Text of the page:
Franco: Absolutely. They were critical for the entire soundtrack. There are a lot of Colombian expats in L.A. actually. I worked with several of them—Justo Armario, J.D. Perez, Rio Benitez. And of course Carlos Vives’ band—he did one of the songs of course, Mi Encanto. His band played at the Hollywood Bowl, and I really love his song. He was here playing a concert, and I asked if we could get some of his musicians for the score. I got Christian Camino Pena, his accordion player. It is very different than the Mexican norteno by the way. It is called “ballenato” style and it is very different than Mexican. Then after I saw Carlos’ band, I asked for a Colombian choir. So one of his lead vocalists, Isabel Mosquera, who was touring with Carlos, she is singing on the one track when Antonio gets the special power and there is that whole tree of life thing. It’s 12 people singing on that particular pew. We also used Latin American players, Peruvian or Uruguayan that know the style. We recorded almost a month, every single day. It was so exciting.
BTL: You mentioned that you had themes for different characters—what are some examples? What tunes did you select and why?
Franco: I started with Mirabel’s theme. Then also a theme for the Encanto home and also the family. You hear that at the beginning of the film, it opens the film when she says: “abre los ojos.” It’s a simple 3/4 feel. That becomes throughout the film attached to Mirabel and her journey. You will hear it in so many different ways throughout the film. I wind up putting that on some action moments when she’s trapped insider the tavern. I then changed elements so it does not sound the same every time. So for example when Antonio gets his gift, I put an Afro-Colombian element called “pierengue” and another one called “mapale.” So you are hearing the Encanto theme on an Afro-Colombian roots. So the theme transforms itself. And when Mirabel gets her own room, you’ll hear the theme at the very end. In its full glory with the orchestra. I really enjoyed being able to morph that theme with the different characters. When Abuela is playing, you hear it very soft with strings.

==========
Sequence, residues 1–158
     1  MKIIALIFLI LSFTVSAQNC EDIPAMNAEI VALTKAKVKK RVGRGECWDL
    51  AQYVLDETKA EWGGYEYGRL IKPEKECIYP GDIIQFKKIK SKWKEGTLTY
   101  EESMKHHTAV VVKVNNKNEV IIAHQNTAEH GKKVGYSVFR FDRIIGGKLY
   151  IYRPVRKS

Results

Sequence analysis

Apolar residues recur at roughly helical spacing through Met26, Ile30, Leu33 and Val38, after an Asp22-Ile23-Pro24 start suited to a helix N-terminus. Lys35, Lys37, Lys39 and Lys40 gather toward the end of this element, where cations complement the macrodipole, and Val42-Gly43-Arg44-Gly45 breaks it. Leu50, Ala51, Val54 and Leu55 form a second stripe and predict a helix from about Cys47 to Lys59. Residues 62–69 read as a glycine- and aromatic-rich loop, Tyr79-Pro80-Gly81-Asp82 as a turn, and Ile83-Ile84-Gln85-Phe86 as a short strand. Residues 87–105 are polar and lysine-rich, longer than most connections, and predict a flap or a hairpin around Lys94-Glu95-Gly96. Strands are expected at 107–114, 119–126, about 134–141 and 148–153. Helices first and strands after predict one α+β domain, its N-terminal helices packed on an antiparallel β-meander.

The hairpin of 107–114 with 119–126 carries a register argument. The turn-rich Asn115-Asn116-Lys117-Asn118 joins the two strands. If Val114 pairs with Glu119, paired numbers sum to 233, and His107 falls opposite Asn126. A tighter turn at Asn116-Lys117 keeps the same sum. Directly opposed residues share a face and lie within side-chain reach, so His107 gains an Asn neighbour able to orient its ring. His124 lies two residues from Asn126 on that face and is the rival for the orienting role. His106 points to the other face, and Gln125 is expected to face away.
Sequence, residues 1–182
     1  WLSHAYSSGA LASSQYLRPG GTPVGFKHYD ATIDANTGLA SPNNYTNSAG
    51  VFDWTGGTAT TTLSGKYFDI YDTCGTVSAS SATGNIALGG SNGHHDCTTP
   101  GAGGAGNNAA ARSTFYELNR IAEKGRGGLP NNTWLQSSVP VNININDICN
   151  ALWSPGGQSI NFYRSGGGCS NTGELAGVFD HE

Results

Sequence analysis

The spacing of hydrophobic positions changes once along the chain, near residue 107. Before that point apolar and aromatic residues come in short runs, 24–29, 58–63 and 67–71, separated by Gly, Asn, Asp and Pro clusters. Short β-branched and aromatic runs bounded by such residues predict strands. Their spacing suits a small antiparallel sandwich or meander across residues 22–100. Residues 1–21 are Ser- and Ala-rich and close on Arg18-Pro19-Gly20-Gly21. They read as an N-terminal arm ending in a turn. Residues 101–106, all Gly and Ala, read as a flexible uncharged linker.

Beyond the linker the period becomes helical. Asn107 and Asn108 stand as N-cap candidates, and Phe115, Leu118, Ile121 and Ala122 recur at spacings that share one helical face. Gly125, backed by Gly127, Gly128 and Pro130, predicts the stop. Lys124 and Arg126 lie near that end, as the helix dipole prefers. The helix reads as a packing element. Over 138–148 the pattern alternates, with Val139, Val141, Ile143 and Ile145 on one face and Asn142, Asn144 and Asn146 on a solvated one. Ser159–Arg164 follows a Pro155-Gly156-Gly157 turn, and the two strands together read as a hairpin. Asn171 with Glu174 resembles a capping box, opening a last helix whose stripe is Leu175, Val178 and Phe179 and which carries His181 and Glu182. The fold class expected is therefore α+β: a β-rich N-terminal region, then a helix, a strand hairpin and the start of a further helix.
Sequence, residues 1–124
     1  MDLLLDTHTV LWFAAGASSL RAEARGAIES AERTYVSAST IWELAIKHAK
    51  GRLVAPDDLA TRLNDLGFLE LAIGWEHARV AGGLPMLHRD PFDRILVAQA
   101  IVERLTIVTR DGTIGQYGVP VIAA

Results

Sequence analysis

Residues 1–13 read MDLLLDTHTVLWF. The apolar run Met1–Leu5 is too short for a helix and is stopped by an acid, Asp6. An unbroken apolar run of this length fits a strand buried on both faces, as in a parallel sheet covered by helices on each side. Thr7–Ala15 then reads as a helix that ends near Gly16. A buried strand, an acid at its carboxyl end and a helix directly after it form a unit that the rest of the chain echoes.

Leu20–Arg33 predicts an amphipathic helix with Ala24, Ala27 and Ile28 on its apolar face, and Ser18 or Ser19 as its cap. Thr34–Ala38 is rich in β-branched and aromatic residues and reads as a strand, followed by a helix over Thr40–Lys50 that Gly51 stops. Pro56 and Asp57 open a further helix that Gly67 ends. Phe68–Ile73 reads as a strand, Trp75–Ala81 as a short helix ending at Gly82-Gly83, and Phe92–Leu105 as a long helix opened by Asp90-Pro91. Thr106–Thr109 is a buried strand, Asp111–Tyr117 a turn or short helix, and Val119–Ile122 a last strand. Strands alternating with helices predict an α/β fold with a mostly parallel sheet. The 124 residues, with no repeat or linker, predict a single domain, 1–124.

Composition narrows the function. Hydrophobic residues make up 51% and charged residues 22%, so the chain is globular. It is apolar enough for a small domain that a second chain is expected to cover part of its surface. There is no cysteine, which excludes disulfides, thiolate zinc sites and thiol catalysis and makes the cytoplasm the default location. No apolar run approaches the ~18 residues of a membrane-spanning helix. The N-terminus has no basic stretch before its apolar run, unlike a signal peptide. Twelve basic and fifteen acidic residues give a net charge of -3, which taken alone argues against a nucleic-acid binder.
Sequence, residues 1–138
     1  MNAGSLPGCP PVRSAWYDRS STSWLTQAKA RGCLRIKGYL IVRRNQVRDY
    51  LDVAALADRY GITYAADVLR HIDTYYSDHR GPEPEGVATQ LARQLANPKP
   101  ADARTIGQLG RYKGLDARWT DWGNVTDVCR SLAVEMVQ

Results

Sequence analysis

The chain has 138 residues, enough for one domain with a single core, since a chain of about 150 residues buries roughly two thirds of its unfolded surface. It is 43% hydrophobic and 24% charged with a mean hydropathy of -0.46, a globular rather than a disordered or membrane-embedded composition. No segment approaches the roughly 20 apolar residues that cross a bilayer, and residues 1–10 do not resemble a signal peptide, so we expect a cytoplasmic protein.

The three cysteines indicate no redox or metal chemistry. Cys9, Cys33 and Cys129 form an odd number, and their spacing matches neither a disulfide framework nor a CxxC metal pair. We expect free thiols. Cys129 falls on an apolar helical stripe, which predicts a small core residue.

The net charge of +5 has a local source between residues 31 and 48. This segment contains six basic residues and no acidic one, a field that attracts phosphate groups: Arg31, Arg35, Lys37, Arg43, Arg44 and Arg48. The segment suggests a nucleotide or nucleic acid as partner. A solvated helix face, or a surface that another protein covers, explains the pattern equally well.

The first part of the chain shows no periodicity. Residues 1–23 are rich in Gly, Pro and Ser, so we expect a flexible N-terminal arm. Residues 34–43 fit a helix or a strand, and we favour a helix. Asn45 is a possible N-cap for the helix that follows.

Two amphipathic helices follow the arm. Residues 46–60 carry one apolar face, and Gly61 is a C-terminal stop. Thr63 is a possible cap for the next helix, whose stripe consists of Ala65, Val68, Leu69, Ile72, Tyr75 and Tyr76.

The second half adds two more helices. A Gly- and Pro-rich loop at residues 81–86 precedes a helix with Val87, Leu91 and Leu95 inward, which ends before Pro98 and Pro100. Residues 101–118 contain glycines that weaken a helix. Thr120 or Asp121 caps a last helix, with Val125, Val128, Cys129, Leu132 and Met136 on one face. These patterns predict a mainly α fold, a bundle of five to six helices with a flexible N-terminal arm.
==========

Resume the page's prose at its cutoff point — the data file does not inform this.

BTL: Other than Mirabel, which was your favorite character to score and why? You’ve mentioned him twice, so I think I know.
Franco: Yes, little Antonio. He’s a little boy and he’s so special and he has a great presence in the movie. He goes from being afraid to being strong and riding the jaguar and helping Mirabel help the family. I love all the characters, of course. Felix reminds me of a friend of mine. Pepa with the clear skies was very funny. Luisa lifting donkeys, is great. So they are all very unique, and I love them all. But Stephanie Beatriz, the voice of Mirabel, is amazing and she just carries the film. I’m so happy everyone is able to see it and enjoy it with their own families.
BTL: What can we look forward to from you next after this historic achievement?
Franco: I actually can’t talk about it right now! I am working on something, but you will have to wait. I actually took two weeks off after the premiere, but I’m back in the studio getting myself going again and focusing on what is coming up. Reflecting on a great year that I’ve had with this wonderful team on Encanto. Working with Jared, Bryon, and Lin—what an amazing opportunity, right?
BTL: What was it like working with Lin-Manuel and the directors?
Franco: Along the way we had lots of meetings and the feedback was always very encouraging. Lin was very sweet. He was very generous while letting me do my thing and try things. Everyone was happy with how the soundtrack turned out. Their feedback, what it did, was help me work harder. As a musician, it inspires you, especially as you start seeing all the images. It takes you to create the best world you can. Their detail is so amazing, as you can tell, so you want to be just as stellar. And you are seeing the images as they are developing, they are not all done. There were certain scenes that were ready when I started, but it was not until the spring that I was seeing whole reels ready. In some ways that was good as it gave me time to sit away from the picture and just work on themes and motifs. It is nice to have that longer amount of time.
Encanto is now playing in theaters nationwide, and it will hit Disney+ streamer on December 24. You can also read Below the Line’s interview with Co-Director/Co-Writer Charise Castro Smith and read J. Don Birnam’s own review here.
All photos courtesy Walt Disney Pictures.